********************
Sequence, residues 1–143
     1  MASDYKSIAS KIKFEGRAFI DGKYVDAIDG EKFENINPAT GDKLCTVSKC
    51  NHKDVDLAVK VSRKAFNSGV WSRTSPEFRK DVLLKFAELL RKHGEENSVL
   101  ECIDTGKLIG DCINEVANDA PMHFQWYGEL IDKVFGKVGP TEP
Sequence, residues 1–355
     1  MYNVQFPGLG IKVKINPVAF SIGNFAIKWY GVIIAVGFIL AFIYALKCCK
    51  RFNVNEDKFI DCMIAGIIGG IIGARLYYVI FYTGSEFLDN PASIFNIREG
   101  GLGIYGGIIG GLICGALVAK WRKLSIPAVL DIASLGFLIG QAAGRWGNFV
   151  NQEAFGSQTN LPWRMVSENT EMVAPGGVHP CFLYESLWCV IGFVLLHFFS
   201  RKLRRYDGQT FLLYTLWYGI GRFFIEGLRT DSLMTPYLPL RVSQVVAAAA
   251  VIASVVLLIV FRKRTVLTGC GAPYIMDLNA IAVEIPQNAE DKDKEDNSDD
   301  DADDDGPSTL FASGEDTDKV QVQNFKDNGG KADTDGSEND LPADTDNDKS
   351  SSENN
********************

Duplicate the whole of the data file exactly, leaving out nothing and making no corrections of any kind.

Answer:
Sequence, residues 1–143
     1  MASDYKSIAS KIKFEGRAFI DGKYVDAIDG EKFENINPAT GDKLCTVSKC
    51  NHKDVDLAVK VSRKAFNSGV WSRTSPEFRK DVLLKFAELL RKHGEENSVL
   101  ECIDTGKLIG DCINEVANDA PMHFQWYGEL IDKVFGKVGP TEP
Sequence, residues 1–355
     1  MYNVQFPGLG IKVKINPVAF SIGNFAIKWY GVIIAVGFIL AFIYALKCCK
    51  RFNVNEDKFI DCMIAGIIGG IIGARLYYVI FYTGSEFLDN PASIFNIREG
   101  GLGIYGGIIG GLICGALVAK WRKLSIPAVL DIASLGFLIG QAAGRWGNFV
   151  NQEAFGSQTN LPWRMVSENT EMVAPGGVHP CFLYESLWCV IGFVLLHFFS
   201  RKLRRYDGQT FLLYTLWYGI GRFFIEGLRT DSLMTPYLPL RVSQVVAAAA
   251  VIASVVLLIV FRKRTVLTGC GAPYIMDLNA IAVEIPQNAE DKDKEDNSDD
   301  DADDDGPSTL FASGEDTDKV QVQNFKDNGG KADTDGSEND LPADTDNDKS
   351  SSENN